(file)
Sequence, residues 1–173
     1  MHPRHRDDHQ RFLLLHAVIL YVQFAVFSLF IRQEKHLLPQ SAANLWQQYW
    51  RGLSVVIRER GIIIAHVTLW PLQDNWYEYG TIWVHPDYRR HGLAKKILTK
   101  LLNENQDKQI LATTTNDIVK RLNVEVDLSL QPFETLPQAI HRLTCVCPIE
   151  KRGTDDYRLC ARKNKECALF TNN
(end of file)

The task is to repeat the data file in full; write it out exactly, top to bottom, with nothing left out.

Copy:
Sequence, residues 1–173
     1  MHPRHRDDHQ RFLLLHAVIL YVQFAVFSLF IRQEKHLLPQ SAANLWQQYW
    51  RGLSVVIRER GIIIAHVTLW PLQDNWYEYG TIWVHPDYRR HGLAKKILTK
   101  LLNENQDKQI LATTTNDIVK RLNVEVDLSL QPFETLPQAI HRLTCVCPIE
   151  KRGTDDYRLC ARKNKECALF TNN